AB: It's like being in the glow of a fire. You hope you won't get burned. I’m not sure how much I’ve realized it yet. I guess I can say I‘m “almost overwhelmed”--I’m not quite overwhelmed, but I’m getting there. Every day has something new happening, and communications pouring in from people all over. The book has been receiving wonderful reviews and touching people. But Flavia has been touching something in people that generates a response from the heart, and the most often mentioned word in the reviews is love--how much people love Flavia and have taken her in as if she’s a long-lost member of their family, which is certainly very, very gratifying.

(Photo © Jeff Bassett)

--This text refers to an out of print or unavailable edition of this title.

From Publishers Weekly

Fans of Louise Fitzhugh's iconic Harriet the Spy will welcome 11-year-old sleuth Flavia de Luce, the heroine of Canadian journalist Bradley's rollicking debut. In an early 1950s English village, Flavia is preoccupied with retaliating against her lofty older sisters when a rude, redheaded stranger arrives to confront her eccentric father, a philatelic devotee. Equally adept at quoting 18th-century works, listening at keyholes and picking locks, Flavia learns that her father, Colonel de Luce, may be involved in the suicide of his long-ago schoolmaster and the theft of a priceless stamp. The sudden expiration of the stranger in a cucumber bed, wacky village characters with ties to the schoolmaster, and a sharp inspector with doubts about the colonel and his enterprising young detective daughter mean complications for Flavia and enormous fun for the reader. Tantalizing hints about a gardener with a shady past and the mysterious death of Flavia's adventurous mother promise further intrigues ahead. (Apr.)
Copyright © Reed Business Information, a division of Reed Elsevier Inc. All rights reserved. --This text refers to an out of print or unavailable edition of this title.

More About the Author

Alan Bradley received the Crime Writers' Association Debut Dagger Award for The Sweetness at the Bottom of the Pie, his first novel, which went on to win the Agatha Award, the Barry Award, the Dilys Award, the Arthur Ellis Award, the Macavity Award and the Spotted Owl Award. He is the author of many short stories, children's stories, newspaper columns, and the memoir The Shoebox Bible. He co-authored Ms. Holmes of Baker Street with the late William A.S. Sarjeant. Bradley lives in Malta with his wife and two calculating cats. His sixth Flavia de Luce mystery, "The Dead In Their Vaulted Arches" will be published in the US and Canada on January 14, 2014, and in the UK on March 3.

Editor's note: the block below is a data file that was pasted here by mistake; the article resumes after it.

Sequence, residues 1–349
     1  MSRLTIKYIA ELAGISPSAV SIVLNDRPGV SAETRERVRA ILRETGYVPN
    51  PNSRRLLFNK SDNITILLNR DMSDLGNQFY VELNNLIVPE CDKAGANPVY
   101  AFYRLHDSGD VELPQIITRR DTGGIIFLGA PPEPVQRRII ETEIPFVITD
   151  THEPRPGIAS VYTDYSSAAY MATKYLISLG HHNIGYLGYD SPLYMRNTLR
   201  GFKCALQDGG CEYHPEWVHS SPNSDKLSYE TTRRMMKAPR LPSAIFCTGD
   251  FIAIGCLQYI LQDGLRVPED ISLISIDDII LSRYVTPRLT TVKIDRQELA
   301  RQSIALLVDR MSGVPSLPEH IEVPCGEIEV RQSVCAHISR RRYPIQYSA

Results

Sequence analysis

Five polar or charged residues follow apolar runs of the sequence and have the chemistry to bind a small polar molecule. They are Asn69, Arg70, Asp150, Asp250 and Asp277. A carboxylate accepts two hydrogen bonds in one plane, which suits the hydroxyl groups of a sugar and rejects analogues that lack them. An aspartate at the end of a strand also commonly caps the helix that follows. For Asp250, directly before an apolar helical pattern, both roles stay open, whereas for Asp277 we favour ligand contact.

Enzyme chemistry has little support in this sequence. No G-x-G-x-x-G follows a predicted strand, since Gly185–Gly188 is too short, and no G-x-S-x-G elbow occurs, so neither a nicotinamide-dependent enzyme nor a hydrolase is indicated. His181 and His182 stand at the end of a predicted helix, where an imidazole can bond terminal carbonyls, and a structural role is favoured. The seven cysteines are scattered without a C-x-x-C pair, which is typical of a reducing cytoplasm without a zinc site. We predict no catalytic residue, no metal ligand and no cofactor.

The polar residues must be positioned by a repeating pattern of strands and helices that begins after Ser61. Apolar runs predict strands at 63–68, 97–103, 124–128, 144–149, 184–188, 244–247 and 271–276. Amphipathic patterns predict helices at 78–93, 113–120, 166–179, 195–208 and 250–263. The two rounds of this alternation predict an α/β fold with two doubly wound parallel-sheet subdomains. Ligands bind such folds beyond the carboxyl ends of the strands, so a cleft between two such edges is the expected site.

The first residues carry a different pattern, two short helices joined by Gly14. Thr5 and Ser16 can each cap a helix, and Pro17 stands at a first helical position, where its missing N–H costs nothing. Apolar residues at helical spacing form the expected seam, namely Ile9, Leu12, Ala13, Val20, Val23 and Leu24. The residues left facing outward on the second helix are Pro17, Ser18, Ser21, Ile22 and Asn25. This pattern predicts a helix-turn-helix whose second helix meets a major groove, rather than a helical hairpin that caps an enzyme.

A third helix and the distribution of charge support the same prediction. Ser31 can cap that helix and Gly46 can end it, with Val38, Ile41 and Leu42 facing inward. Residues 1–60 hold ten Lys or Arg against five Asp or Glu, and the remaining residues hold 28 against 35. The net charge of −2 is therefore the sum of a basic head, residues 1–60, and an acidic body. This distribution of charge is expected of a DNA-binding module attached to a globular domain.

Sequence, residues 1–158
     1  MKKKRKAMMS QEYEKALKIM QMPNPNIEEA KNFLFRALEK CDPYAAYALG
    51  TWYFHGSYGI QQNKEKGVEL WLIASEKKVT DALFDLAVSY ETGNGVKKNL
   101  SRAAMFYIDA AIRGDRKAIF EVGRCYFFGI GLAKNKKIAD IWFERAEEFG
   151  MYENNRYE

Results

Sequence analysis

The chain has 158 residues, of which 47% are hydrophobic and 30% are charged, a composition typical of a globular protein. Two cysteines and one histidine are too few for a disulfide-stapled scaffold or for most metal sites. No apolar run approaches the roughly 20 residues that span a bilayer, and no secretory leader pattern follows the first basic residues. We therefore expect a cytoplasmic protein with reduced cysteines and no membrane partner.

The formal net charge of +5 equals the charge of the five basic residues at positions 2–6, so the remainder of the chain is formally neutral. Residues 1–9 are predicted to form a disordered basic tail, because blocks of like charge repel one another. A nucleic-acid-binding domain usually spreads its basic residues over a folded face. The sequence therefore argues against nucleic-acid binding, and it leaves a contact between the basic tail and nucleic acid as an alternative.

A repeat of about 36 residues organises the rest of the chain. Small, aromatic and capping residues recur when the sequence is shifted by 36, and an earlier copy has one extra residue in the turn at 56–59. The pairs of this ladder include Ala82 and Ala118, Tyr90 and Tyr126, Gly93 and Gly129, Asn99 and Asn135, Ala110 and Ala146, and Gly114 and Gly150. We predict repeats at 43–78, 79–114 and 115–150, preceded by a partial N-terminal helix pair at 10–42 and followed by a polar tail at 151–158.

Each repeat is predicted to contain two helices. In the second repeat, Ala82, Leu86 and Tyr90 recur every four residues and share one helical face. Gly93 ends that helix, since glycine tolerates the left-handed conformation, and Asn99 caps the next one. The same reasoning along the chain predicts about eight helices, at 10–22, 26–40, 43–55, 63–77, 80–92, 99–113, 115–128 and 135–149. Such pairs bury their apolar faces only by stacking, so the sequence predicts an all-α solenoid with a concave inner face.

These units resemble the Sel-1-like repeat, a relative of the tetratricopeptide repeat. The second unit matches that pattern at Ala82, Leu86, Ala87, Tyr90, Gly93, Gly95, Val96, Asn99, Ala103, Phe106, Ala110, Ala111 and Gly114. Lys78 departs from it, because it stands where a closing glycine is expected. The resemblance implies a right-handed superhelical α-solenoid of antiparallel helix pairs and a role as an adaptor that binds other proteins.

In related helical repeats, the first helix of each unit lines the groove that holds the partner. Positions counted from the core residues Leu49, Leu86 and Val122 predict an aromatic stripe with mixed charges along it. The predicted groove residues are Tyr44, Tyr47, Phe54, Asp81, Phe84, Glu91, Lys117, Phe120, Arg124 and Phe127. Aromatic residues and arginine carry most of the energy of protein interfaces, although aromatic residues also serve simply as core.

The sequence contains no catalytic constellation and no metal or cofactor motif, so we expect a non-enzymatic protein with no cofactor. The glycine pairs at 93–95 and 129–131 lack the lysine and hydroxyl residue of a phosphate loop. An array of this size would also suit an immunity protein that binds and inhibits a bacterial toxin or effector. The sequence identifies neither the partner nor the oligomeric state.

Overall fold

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Customer Reviews

I love the delightful main character 11 year old Flavia De Luce.
Bonnie K Spamer
The characters are fun, the story line is interesting and it ended up having just the right amount of everything that a good mystery should have.
*rose*
All in all, I liked the novel but at times it seemed to be a bit flowery and too descriptive.
C.E.

Most Helpful Customer Reviews

243 of 255 people found the following review helpful By delicateflower152 TOP 500 REVIEWERVINE VOICE on March 27, 2009
Format: Hardcover Vine Customer Review of Free Product ( What's this? )
"The Sweetness at the Bottom of the Pie" is a simple mystery, written without explicit violence, sexual situations, or terrorists. The book is filled with humor that is delightful, very tongue-in-cheek and very British. The mystery is solved; its solution is arrived at through intelligent thinking and resourcefulness. The characters are interesting and develop distinct personalities through the course of the story.

Flavia de Luce, heroine of "The Sweetness at the Bottom of the Pie" is an intrepid young lady with a penchant for poisons. Arsenic and its antidotes are her special interests. A brilliant, budding chemist, she is also an all-around persistent protagonist who insists on inserting herself into every situation!

Flavia's family consists of her reclusive, eccentric father and two older sisters, Ophelia and Daphne. Her mother, Harriet, was an adventurer who died tragically during a mountain climbing expedition. Of the three sisters, Flavia believes herself to be most like her mother. The core family is completed by Mrs. Mullet, the cook/housekeeper, and Dogger, a former soldier who served with Mr. deLuce. Having served in a number of positions during his employment with the de Luces, Dogger is now the gardner. He is also Flavia's confidante and mentors her in useful skills such as lockpicking.